If it hasn’t been made clear by now, Masahiro Sakurai takes every aspect of video game creation very seriously. We’re not just saying that because of his beloved “Creating Games” YouTube Channel, but instead, we’re saying that because the videos within that channel highlight many experiences he’s had that indicate just how seriously he takes things. For example, he’s talked multiple times about music on his channel, and his latest video highlighted a pair of songs that required both his input and a true understanding of music. An understanding that even Sakurai admitted he misunderstood for one piece he wanted in Super Smash Bros Ultimate.
The song in question was from the retro title Athena, a game many have likely never heard of. Sakurai wanted to “modernize” the song for the fighting game and asked his composer to do a certain thing with the track. However, to his surprise, the results were basically the opposite of what he requested. As he would find out, the song had two different main melodies that came together to compose the track. Sakurai focused on one melody, and the composer focused on the other. It’s a fascinating breakdown of music and how things work when making even a “remaster” of a song.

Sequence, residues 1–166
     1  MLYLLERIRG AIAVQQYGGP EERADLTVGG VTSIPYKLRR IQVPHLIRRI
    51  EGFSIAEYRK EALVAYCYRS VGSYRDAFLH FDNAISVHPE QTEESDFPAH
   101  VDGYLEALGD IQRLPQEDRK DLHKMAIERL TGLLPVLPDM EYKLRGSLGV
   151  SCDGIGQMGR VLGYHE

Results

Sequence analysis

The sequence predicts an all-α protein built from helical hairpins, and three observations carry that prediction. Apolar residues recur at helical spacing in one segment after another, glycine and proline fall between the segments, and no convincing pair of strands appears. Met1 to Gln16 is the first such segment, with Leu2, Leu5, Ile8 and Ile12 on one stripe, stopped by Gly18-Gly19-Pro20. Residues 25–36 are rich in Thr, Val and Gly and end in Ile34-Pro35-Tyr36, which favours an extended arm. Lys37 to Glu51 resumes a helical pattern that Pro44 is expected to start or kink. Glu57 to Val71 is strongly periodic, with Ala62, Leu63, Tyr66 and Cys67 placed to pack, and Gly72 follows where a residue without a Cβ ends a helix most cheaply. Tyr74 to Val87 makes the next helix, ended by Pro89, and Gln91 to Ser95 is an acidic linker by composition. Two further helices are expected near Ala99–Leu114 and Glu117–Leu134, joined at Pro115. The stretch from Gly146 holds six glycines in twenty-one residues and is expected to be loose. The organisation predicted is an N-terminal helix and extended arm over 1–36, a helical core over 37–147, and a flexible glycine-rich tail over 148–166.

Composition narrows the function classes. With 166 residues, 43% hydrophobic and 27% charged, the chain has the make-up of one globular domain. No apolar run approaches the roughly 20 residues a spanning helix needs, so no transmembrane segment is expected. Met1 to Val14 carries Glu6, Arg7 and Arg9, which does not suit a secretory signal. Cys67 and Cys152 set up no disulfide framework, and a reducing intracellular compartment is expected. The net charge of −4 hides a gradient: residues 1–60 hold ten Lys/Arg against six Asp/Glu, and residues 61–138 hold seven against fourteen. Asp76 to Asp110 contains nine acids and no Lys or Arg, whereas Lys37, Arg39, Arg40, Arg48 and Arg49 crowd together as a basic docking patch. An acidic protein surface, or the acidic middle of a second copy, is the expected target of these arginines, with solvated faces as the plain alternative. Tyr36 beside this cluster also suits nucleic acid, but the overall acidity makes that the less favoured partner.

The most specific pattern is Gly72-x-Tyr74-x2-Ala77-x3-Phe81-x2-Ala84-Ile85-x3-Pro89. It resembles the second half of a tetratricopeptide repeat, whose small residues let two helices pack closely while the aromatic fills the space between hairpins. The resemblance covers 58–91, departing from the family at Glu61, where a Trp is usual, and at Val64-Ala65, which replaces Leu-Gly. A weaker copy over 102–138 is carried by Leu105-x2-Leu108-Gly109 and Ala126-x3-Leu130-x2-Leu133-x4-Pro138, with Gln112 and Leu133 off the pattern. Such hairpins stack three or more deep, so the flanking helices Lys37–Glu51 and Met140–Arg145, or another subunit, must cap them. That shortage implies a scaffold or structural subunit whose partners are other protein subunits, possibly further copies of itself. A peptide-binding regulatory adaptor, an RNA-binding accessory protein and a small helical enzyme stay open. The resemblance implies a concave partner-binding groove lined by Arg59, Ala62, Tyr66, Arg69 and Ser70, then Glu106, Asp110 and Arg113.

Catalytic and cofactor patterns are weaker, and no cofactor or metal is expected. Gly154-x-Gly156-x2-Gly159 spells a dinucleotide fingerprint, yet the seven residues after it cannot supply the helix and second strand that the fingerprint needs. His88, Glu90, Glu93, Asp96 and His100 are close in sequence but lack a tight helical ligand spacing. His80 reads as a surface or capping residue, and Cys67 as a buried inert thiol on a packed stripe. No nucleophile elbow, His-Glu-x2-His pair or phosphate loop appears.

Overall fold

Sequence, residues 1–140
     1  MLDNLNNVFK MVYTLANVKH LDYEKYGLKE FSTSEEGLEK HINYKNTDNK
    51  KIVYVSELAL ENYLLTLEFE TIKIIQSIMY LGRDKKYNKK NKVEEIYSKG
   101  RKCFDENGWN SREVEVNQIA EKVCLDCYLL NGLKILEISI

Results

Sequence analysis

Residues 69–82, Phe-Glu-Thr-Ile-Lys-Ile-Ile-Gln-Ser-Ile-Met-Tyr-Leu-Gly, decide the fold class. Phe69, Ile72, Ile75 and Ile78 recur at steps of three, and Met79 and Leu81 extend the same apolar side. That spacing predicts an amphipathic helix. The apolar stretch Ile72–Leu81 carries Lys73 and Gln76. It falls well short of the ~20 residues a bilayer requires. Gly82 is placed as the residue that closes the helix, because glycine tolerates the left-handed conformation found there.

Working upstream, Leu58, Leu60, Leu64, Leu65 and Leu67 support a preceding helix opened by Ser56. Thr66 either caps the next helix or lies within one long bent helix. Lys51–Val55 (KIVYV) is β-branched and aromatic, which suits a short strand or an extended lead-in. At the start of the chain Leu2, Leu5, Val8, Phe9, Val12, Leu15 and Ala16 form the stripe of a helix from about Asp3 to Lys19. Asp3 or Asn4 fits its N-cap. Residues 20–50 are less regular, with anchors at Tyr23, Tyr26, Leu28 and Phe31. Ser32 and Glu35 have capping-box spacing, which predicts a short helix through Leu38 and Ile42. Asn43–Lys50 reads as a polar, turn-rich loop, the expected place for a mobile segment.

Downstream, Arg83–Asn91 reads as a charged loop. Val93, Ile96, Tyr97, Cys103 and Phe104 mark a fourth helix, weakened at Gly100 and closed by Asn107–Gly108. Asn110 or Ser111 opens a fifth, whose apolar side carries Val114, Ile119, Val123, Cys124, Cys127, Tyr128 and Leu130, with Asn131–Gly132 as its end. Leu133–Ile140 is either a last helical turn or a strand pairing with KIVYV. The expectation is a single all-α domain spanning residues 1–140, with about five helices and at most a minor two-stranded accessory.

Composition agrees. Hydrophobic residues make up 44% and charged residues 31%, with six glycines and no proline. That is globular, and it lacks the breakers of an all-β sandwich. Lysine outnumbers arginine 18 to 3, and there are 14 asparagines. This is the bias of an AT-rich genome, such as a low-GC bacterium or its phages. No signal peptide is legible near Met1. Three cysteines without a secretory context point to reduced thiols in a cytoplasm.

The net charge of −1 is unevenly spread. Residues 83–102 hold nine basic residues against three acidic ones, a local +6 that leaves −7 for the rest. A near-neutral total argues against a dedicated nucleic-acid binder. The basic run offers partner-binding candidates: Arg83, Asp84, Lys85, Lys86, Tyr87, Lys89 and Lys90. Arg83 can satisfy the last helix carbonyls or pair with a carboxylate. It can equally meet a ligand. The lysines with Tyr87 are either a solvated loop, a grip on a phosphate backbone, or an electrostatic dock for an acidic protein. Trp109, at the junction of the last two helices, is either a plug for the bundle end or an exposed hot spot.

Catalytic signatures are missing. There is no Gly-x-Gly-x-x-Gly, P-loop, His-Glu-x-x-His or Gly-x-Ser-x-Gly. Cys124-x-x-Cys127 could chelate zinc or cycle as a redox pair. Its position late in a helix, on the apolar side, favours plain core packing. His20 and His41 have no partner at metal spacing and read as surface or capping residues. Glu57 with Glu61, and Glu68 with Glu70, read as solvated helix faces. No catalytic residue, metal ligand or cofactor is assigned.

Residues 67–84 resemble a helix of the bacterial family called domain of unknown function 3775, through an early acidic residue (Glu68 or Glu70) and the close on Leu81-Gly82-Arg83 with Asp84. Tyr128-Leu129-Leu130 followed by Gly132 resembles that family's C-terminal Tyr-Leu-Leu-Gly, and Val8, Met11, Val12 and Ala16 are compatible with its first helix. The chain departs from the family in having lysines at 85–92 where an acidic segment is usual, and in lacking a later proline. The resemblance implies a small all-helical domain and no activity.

The other track that Masahiro Sakurai talked about was the main theme for the game Psycho Soldier. As he reveals, it was apparently the first game to have a vocal track. He was in the recording studio when they did the vocals for the track, and like the original game, they did both an English and Japanese version for the game. The reasoning behind this, and how Sakurai helped put things together, further showcases how much care he puts into things. You can watch the full breakdown of these songs below:
The lesson that Sakurai imparts at the end is about how the original piece is “always right” and that just because you hear or think you hear something different doesn’t make it correct. This is another reason why so many people like Sakurai. Not only does he have a deep love of gaming history, which these two tracks prove, but he wants things done the correct way over the “personal” way. He’s willing to admit when he does something wrong, and to that end, work hard to make things not only right but faithful to what came before.
We’ll no doubt get more music-themed videos like this in the future.